Opinion: This is how Ukrainians win the long war πŸ’₯πŸ’₯πŸ’₯

None of my life back on campus seemed to matter anymore. After all, how could it in the face of the destruction of my homeland? How could I sit in my dorm room, plastered with photos of my childhood in Kyiv, while the city and its surrounding areas were being bombarded by Russian artillery?

I could not possibly live my life as anything else — a student, a friend — until I could exist peacefully as a Ukrainian. And so about a week after the Russian invasion began, I left behind my “normal” student life at Stanford to defend what matters the most — Ukraine.

I booked a flight to Krakow, Poland, to join my Ukrainian friends in the war efforts. There is no shortage of things for us to do here — we help with humanitarian assistance, work to protect cultural sites and assist incoming refugees.

This fight for existence is at the heart of today’s Russian war on Ukraine. Beyond territorial conquest, geopolitics and alleged “denazification,” this is a war challenging the very existence of Ukraine and Ukrainians as an independent, sovereign people. It’s also a continuation of a centuries-long Russian war on every single one of us.
One of the earliest attempts at the russification of Ukraine began in the 17th century, after the signing of the Pereyaslav Articles of 1659 between the Ukrainian Cossacks and the Russian Tsar. The treaty restricted Ukrainian autonomy by forbidding the Ukrainian colonels from being elected or from conducting their own foreign policy without the prior consent of the Muscovite government.
In 1720, Russian attacks on the Ukrainian language began, with a ban on printing books in Ukrainian in some cities. Alexander I’s educational reforms in 1804 prohibited the Ukrainian language in schools, both as a language of instruction and as a subject.
Every century since then, Russian leaders have continued the efforts to erase Ukrainian identity by attacking the use of the Ukrainian language, banning Ukrainian literature, persecuting Ukrainian cultural leaders and destroying any attempt Ukrainians have made to preserve their heritage.

This war is no different.

Russia’s brutal attacks on the Ukrainian civilian population and cultural and historical sites make it clear that, yet again, this is an attack on the Ukrainian people and their identity.

Even though I was incredibly lucky to have grown up in an independent Ukraine, I was not immune to Russia’s historical and cultural war on my identity. Most of the years I spent living in Ukraine, I was deeply disconnected from my own history and culture. I didn’t realize that my life in Kyiv was particularly unique — that the Ukrainian experience was something in and of itself.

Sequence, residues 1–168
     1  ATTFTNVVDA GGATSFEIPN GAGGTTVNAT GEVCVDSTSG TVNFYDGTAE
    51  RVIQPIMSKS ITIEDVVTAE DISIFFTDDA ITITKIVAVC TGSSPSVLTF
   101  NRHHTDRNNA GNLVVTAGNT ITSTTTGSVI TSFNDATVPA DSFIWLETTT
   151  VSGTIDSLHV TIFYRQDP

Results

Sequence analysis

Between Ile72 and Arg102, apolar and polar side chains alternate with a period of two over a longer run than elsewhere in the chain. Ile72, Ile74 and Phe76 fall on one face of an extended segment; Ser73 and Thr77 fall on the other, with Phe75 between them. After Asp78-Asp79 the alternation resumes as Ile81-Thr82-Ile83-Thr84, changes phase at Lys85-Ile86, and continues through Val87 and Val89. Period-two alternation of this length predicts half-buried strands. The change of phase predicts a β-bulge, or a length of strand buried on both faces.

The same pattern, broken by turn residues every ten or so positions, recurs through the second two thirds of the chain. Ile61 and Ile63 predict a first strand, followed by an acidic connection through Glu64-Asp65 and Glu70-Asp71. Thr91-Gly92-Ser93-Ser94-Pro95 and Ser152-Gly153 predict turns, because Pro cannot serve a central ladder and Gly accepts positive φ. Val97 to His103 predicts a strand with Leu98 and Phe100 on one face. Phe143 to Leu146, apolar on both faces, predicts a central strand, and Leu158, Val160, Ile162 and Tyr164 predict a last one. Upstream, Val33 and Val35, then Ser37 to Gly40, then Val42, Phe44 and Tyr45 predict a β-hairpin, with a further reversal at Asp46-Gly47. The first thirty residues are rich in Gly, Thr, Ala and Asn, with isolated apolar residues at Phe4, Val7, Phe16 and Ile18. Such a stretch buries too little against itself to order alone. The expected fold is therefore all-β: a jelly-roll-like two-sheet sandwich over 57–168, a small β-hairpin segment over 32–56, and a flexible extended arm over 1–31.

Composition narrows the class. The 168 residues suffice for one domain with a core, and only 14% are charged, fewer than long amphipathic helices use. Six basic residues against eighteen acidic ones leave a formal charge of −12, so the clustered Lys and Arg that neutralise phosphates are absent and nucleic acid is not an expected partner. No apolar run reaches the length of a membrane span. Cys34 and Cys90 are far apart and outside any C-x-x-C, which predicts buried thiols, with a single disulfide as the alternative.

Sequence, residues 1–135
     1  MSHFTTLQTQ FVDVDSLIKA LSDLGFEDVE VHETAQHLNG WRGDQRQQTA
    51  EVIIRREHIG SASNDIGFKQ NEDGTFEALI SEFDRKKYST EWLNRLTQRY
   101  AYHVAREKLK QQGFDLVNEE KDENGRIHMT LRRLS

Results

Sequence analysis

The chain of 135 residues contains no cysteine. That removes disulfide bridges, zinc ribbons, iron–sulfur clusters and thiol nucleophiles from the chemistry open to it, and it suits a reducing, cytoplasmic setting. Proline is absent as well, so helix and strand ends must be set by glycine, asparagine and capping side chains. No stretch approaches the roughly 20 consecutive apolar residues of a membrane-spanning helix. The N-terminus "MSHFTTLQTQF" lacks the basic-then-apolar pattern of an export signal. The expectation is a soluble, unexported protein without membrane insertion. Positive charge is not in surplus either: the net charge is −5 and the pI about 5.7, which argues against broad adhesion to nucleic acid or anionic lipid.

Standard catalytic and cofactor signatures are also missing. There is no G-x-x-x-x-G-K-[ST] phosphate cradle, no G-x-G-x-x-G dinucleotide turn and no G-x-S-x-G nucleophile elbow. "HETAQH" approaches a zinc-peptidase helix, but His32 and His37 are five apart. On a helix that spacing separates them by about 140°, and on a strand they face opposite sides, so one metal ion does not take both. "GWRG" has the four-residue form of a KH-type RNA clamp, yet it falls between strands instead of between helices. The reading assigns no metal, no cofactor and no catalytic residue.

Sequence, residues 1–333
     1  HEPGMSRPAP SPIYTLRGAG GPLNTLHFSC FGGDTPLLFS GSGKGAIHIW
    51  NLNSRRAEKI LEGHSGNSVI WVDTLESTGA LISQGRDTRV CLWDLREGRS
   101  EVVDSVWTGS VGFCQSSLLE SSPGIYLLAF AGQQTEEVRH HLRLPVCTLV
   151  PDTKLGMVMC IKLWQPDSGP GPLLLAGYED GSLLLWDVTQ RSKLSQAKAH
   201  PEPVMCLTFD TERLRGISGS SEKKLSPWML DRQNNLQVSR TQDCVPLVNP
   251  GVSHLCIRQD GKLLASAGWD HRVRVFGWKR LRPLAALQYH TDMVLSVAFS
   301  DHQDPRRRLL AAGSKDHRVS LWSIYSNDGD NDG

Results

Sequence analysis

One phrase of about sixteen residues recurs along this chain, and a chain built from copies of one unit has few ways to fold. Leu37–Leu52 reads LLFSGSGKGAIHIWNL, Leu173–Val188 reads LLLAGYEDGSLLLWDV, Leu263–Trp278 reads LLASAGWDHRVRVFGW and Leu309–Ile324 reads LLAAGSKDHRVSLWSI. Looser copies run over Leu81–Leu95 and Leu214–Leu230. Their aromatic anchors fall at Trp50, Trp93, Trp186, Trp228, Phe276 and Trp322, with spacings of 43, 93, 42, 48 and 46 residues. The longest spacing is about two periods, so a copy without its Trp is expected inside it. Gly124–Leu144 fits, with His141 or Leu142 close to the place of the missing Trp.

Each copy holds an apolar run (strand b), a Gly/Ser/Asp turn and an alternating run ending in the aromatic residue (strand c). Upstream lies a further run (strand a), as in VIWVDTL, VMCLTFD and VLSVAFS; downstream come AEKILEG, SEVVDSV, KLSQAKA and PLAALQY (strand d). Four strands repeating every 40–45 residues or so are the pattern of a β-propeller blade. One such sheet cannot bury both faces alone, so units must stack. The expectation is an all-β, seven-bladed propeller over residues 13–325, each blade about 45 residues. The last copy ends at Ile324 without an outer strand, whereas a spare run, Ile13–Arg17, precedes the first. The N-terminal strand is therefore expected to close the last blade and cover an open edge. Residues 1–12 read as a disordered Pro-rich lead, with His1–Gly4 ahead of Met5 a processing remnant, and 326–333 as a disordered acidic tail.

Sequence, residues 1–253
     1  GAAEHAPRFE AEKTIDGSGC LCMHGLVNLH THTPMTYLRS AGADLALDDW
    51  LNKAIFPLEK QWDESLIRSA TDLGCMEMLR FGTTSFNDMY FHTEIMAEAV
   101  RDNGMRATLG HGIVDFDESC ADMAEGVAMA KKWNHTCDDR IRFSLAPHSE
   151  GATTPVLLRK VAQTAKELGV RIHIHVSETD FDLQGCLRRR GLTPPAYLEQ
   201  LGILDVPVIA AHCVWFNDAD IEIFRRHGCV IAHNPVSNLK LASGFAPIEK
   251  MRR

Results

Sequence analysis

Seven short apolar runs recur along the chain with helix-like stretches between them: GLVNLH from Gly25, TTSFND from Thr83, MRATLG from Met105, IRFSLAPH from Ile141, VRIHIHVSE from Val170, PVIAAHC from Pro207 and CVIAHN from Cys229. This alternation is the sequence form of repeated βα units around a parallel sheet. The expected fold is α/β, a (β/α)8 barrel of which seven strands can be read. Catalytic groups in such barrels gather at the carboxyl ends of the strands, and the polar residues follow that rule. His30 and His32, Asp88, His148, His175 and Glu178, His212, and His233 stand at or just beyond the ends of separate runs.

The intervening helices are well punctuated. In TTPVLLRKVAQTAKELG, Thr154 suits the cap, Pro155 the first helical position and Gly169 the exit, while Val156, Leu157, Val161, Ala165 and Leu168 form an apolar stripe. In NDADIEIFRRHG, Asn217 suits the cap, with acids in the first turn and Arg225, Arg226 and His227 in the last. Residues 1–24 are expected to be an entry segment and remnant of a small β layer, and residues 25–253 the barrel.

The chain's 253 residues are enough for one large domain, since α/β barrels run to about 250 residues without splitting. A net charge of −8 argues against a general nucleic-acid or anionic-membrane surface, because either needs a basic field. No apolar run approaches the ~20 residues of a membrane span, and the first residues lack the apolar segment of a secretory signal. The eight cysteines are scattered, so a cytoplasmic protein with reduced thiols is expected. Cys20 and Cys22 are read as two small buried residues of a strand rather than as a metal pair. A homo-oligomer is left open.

I moved through life not grasping that being Ukrainian meant something. It didn’t help that when moving abroad, a vast majority of the people I met didn’t know what Ukraine was at all. I found myself resorting to “it’s next to Russia,” or “it was a part of the Soviet Union.” That seemed to be the only part of my identity, of my nation’s history, that was recognizable to me.

As a teenager trying to understand my place in the world, this was confusing. Who are my country’s authors, artists, cultural and political figures? What were their accomplishments? And who, simply put, are Ukrainians today?

The search for Ukraine became a process of self-discovery.

My big eureka moment came during one of my classes at Stanford — “Ukraine at a Crossroads.” Most of the course consisted of learning about Ukrainian history, much of which I was relatively familiar with (though you can never learn too much history). One week, however, I came into class and the topic was the Ukrainian avant-garde movement. We discussed Kazimir Malevich, a Ukrainian-born painter and founder of the Suprematist movement.

Malevich is one of the most iconic artists in history. I had seen his paintings extensively discussed, studied and revered. And yet I didn’t know he was Ukrainian-born. I didn’t know he was ours.

At that moment, I realized Ukraine had been with me the entire time — in galleries, bookstores, museums and theaters. I just hadn’t been able to see past the Russian labeling of many of these Ukrainian-born cultural figures.

The more I studied about Ukrainians who had their heritage erased, the angrier I became. Russia builds monuments to our great leaders in their cities, claiming them as their own cultural heritage. They write about our most iconic artists, as if they were their own.
How could Russia take this away from us? How could Russia deny me all of the reasons I had to be proud of my country? How could Russia make me believe that Ukrainians didn’t have an impact or a voice around the world?

Putin’s invasion of Ukraine has once again challenged the notion that Ukrainians are a separate people. And yet today, with the abundant access to information and historical truth, we have a better chance than ever to finally debunk the Russian historical myths and cement Ukrainian sovereignty once and for all. Each one of us can play a part.

Educational institutions, galleries, museums and cultural institutions can be a platform for Ukrainians and Ukrainian artists to have their voices heard and their stories told correctly.

So, let’s have this conversation. Let’s start bringing Ukrainian culture and history out of the centuries-long imperial shadow. This is how we win the long war against Russia — cities may fall, territory may be destroyed, but Ukraine and its truth must prevail.

Opinion: This is how Ukrainians win the long war

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